You are not logged in.

## #1 2012-09-09 13:09:14

zacariaz
Member
Registered: 2012-01-18
Posts: 492
Website

### [Solved] Bash and Floating point arithmetic

I didn't realize how troublesome floating point numbers can be until now.

What I want to do should be simple I dare say:

``properRounding( ( currentTime - downloadTime ) / ( dueTime - downloadTime ) * 100 )``

however best I've been able to achieve so far is this:

``echo "(\$currentTime-\$downloadTime)/(\$dueTime-\$downloadTime)*100" | bc -l``

Which prints the correct floating point value.
I've tried to put the result in a variable, but I must be doing it wrong as I get the most peculiar error. I can live without it, but it would make life easier.
As for the rounding, that is a must. I've read that if you remove the -l param from bc, then it will round, but in my case something goes wrong as I just get the value 0 in return and besides, concluded after a simple test, bc always rounds down as in integer division, which I can not use.

So of course I'll continue reading and hopefully someday arrive at a solution, but I would very much appreciate if someone could lend me a hand.

This after all is not just a learning experience, I'm trying to create something useful.

Best regards.

edit:
nb:
all variables are integers.

Last edited by zacariaz (2012-09-09 14:50:18)

Offline

## #2 2012-09-09 13:18:48

Procyon
Member
Registered: 2008-05-07
Posts: 1,819

### Re: [Solved] Bash and Floating point arithmetic

You'll indeed have to use bc, or dc.

You have to set the scale (e.g. 3k / scale=3) for both programs to show decimals:

``echo 3k 20000 19000 - 26000 29000 - / 100 \* f | dc``
``{ echo scale=3; echo "(20000 - 19000) / (26000 - 29000) * 100"; } | bc``

Offline

## #3 2012-09-09 13:28:23

zacariaz
Member
Registered: 2012-01-18
Posts: 492
Website

### Re: [Solved] Bash and Floating point arithmetic

Didn't know about dc, that I'll have to investigate as I prefer to use the standard tools.

'scale' however don't solve my problem, take for example:

``{ echo scale=n; 2 / 3"; } | bc``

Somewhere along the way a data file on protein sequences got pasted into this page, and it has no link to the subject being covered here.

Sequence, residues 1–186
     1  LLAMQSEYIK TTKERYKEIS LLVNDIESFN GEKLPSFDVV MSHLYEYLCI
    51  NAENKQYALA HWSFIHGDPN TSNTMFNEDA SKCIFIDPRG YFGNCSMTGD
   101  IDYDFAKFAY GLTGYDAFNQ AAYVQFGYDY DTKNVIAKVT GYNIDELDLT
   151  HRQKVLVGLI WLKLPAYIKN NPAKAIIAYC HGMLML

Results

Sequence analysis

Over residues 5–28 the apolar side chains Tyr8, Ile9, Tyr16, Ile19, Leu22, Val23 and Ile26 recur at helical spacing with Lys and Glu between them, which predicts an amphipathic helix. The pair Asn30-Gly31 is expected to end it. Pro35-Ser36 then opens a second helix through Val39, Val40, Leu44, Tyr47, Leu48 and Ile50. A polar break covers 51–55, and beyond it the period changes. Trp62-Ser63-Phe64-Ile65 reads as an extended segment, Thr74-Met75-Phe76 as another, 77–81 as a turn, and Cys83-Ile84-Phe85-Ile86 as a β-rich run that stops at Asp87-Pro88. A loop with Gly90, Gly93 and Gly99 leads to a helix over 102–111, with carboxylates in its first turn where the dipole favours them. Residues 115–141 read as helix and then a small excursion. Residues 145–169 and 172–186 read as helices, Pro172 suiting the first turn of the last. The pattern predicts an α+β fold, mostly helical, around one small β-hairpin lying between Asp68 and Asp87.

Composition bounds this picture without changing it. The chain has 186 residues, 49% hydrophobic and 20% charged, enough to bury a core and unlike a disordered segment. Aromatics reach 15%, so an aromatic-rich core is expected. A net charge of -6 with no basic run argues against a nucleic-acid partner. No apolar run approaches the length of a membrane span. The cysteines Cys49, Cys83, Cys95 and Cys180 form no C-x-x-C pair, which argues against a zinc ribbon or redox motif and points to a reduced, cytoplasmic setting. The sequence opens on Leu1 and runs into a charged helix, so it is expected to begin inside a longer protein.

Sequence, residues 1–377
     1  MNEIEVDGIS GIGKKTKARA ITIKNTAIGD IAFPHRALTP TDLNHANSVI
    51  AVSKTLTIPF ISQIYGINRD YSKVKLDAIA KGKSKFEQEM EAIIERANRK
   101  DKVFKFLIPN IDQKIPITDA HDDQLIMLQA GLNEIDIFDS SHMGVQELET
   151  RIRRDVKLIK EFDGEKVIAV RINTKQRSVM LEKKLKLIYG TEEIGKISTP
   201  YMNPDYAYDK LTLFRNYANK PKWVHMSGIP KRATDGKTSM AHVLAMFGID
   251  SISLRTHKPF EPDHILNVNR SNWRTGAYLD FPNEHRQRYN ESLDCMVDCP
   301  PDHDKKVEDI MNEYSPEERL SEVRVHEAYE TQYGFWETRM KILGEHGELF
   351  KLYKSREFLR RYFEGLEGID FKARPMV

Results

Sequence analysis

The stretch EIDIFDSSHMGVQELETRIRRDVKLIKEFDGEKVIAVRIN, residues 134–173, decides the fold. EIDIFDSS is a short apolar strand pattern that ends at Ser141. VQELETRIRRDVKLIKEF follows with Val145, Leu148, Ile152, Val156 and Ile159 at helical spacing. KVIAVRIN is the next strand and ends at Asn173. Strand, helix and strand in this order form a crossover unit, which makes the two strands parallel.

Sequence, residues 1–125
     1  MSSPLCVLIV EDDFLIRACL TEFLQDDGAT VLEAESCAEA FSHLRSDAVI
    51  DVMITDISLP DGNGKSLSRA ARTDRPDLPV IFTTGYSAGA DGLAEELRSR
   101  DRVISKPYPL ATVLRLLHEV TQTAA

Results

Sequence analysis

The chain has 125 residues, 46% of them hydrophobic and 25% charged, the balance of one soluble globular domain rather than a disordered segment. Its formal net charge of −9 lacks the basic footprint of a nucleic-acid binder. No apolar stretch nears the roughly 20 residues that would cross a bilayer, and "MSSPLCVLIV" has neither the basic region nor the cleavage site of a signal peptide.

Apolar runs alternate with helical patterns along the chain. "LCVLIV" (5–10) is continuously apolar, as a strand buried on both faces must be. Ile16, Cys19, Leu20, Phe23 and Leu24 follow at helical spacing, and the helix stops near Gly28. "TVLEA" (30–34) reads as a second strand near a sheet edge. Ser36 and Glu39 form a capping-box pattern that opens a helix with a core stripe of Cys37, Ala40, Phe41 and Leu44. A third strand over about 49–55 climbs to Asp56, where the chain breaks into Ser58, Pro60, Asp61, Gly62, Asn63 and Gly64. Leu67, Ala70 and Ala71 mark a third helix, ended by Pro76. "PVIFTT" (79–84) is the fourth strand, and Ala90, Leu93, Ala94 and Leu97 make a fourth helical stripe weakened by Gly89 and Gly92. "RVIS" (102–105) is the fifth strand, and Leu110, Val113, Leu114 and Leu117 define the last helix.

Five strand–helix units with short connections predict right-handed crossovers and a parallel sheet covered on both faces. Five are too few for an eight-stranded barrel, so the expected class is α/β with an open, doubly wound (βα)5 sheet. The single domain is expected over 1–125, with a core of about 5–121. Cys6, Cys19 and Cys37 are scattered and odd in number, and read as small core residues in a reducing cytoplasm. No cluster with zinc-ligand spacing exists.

for n 0 the result should be 1.
for 1 it should be .7
for to .67
etc.
the same goes when using dc of curse.

Offline

## #4 2012-09-09 13:53:58

Procyon
Member
Registered: 2008-05-07
Posts: 1,819

### Re: [Solved] Bash and Floating point arithmetic

Googling around a bit, I found you need to divide by 1. But in this case you also need to do the first division in high scale, and add 5 to the decimal place one before the one you want to round at.

``echo "scale=5; div=1/3; scale=0; (div+0.5)/1" | bc``
``echo "scale=5; div=2/3; scale=1; (div+0.05)/1" | bc``
``echo 5k 2 3 / 0k 0.5 + 1 / f | dc``
``echo 5k 2 3 / 1k 0.05 + 1 / f | dc``

Last edited by Procyon (2012-09-09 13:55:19)

Offline

## #5 2012-09-09 14:12:57

zacariaz
Member
Registered: 2012-01-18
Posts: 492
Website

### Re: [Solved] Bash and Floating point arithmetic

Procyon wrote:

Googling around a bit, I found you need to divide by 1. But in this case you also need to do the first division in high scale, and add 5 to the decimal place one before the one you want to round at.

``echo "scale=5; div=1/3; scale=0; (div+0.5)/1" | bc``
``echo "scale=5; div=2/3; scale=1; (div+0.05)/1" | bc``
``echo 5k 2 3 / 0k 0.5 + 1 / f | dc``
``echo 5k 2 3 / 1k 0.05 + 1 / f | dc``

I was about to reply how extremely confusing this is, when I suddenly realized that isn't the case at all.

Thanks once again.

Offline

## #6 2012-09-09 14:37:50

zacariaz
Member
Registered: 2012-01-18
Posts: 492
Website